The website of the Spanish Virtual Observatory is: http://svo.cab.inta-csic.es/main/index.php

4

For comparison, the FWHM of the NICMOS Camera 1 is (3.75 detector pixels) at 1.60 μm (Yusef-Zadeh et al. 2006b), i.e., better sampled than the FWHM of the WFC3 camera.

5

Following Kraft et al. (1991), we first determine the confidence interval [smin, smax] of SNB at the confidence level CL where, for a count excess, smax is defined as fN,B(smax) ≡ fN,B(smin) and smin = 0, with is the posterior probability distribution function. We then compute and its Gaussian equivalent in units of σ given by φ-1((1 − CL)/2), with φ-1 being the reciprocal of the cumulative distribution function of the normal distribution.

6

The equation computing the signal-to-noise ratio is the same as in specgroup and in ISIS (Houck 2013). We therefore use the same grouping as in Mossoux et al. (2015a).

9

The cutoff value is given as a lower limit in Neilsen et al. (2013) but the specific value does not influence the result of our flare distribution because we are interested by flares characterized by small amplitude and short duration since these flares may suffer of the small detection rate.

Acknowledgments

This work has been financially supported by the Programme National Hautes Énergies (PNHE). The research leading to these results has received funding from the European Union Seventh Framework Program (FP7/2007-2013) under grant agreement No. 312789. The XMM-Newton project is an ESA Science Mission with instruments and contributions directly funded by ESA Member States and the USA (NASA). This work is based on observations made with the NASA/ESA Hubble Space Telescope obtained at the Space Telescope Science Institute, which is operated by the Association of Universities for Research in Astronomy, Inc., under NASA contract NAS 5-26555. These HST observations are associated with programs 13403 and 13316. This work is based on observations made with ESO Telescopes at the Paranal Observatory under programs 091.B-0183(H), 092.B-0920(A) and 093.B-0932(A). Karl G. Jansky Very Large Array (VLA) of the National Radio Astronomy Observatory is a facility of the National Science Foundation, operated under a cooperative agreement by Associated Universities, Inc. Support for CARMA construction was derived from the states of California, Illinois, and Maryland, the James S. McDonnell Foundation, the Gordon and Betty Moore Foundation, the Kenneth T. and Eileen L. Norris Foundation, the University of Chicago, the Associates of the California Institute of Technology, and the National Science Foundation. Ongoing CARMA development and operations are supported by the National Science Foundation under a cooperative agreement, and by the CARMA partner universities.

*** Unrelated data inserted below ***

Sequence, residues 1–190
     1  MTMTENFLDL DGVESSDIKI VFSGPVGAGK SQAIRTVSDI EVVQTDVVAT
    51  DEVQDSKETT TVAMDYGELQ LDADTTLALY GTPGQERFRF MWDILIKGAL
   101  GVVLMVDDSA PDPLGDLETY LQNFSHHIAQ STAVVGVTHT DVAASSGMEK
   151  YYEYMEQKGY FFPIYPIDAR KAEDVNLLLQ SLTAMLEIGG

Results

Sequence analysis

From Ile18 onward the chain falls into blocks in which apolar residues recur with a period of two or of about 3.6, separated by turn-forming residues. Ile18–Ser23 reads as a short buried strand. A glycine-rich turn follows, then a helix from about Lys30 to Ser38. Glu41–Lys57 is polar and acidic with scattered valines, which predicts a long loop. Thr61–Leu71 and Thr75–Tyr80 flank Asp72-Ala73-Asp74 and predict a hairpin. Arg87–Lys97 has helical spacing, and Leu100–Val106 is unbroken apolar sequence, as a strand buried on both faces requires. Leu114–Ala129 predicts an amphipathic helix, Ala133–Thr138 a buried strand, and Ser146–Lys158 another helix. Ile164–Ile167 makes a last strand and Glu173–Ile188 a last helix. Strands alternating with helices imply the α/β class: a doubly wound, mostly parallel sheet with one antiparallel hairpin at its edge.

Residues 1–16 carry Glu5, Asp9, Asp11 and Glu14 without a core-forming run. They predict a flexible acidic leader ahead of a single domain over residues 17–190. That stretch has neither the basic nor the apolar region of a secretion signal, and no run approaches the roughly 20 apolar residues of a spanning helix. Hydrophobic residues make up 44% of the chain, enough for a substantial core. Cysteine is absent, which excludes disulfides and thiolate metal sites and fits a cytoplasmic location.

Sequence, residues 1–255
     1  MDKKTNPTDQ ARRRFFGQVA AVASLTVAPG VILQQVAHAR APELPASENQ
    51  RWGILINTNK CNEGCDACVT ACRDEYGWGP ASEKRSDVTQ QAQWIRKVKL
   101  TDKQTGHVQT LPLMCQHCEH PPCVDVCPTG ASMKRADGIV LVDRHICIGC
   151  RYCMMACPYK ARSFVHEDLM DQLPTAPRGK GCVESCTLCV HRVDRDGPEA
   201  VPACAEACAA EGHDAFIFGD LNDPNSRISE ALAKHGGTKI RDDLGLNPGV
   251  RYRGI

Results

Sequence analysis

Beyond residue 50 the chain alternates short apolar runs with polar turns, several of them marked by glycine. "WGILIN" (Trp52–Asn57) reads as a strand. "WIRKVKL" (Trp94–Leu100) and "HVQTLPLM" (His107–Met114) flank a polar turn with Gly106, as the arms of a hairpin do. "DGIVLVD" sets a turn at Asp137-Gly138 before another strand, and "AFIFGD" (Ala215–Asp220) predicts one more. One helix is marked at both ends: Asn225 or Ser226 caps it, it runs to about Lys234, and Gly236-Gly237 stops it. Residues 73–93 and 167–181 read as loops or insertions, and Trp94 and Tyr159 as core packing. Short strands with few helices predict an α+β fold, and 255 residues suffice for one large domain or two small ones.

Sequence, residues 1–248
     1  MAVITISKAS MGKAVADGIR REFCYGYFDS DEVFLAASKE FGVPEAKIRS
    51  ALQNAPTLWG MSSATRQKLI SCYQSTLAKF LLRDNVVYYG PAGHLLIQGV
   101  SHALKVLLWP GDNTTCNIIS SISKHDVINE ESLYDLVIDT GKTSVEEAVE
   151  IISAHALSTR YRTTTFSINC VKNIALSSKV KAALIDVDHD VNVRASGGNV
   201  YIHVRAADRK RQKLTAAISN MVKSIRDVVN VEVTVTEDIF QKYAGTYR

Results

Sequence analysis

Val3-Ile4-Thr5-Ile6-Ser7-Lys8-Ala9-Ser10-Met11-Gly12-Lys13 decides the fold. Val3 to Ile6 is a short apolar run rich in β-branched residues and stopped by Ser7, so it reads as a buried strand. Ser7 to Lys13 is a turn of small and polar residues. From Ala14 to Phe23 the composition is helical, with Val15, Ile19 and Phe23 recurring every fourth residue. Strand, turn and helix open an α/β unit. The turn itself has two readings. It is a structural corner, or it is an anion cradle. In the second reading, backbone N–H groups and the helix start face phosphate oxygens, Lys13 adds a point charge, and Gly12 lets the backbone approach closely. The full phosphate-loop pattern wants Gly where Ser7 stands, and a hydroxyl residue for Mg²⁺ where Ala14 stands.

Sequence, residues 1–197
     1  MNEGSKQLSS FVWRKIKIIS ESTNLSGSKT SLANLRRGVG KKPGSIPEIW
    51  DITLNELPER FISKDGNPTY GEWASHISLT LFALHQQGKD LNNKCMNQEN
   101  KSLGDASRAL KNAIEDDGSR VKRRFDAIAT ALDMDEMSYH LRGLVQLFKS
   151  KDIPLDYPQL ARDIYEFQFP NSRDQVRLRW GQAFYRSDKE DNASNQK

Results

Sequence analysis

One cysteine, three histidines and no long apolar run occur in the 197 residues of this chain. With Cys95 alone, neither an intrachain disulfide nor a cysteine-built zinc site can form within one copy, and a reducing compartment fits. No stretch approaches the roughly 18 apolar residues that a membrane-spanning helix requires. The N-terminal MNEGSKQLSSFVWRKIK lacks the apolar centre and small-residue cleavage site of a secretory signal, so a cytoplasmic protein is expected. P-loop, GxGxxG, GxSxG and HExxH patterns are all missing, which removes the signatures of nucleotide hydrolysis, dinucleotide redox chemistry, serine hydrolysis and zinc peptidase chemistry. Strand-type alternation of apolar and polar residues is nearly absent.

References

Appendix A: The magnetar impact on the flare detection efficiency

thumbnail Fig. A.1

Comparison of the flare detection level with the non-flaring level corresponding to those of the 2011 (left panel) and February 2014 (right panel) observations. The vertical doted-dashed line represents an example flare with the same amplitude above the non-flaring level for a 2011 and 2014 Feb.Apr. observations.

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thumbnail Fig. A.2

Flare distribution seen by Chandra and the detection probability of the Bayesian-blocks algorithm during an observation with XMM-Newton. The crosses are the X-ray flares detected during the Chandra XVP campaign of 2012. Left panel: the flare amplitude above the non-flaring level seen by EPIC/pn during the 2011 campaign. Right panel: the flare amplitude above the non-flaring level seen by EPIC/pn during the 2014 Feb. 28 observation.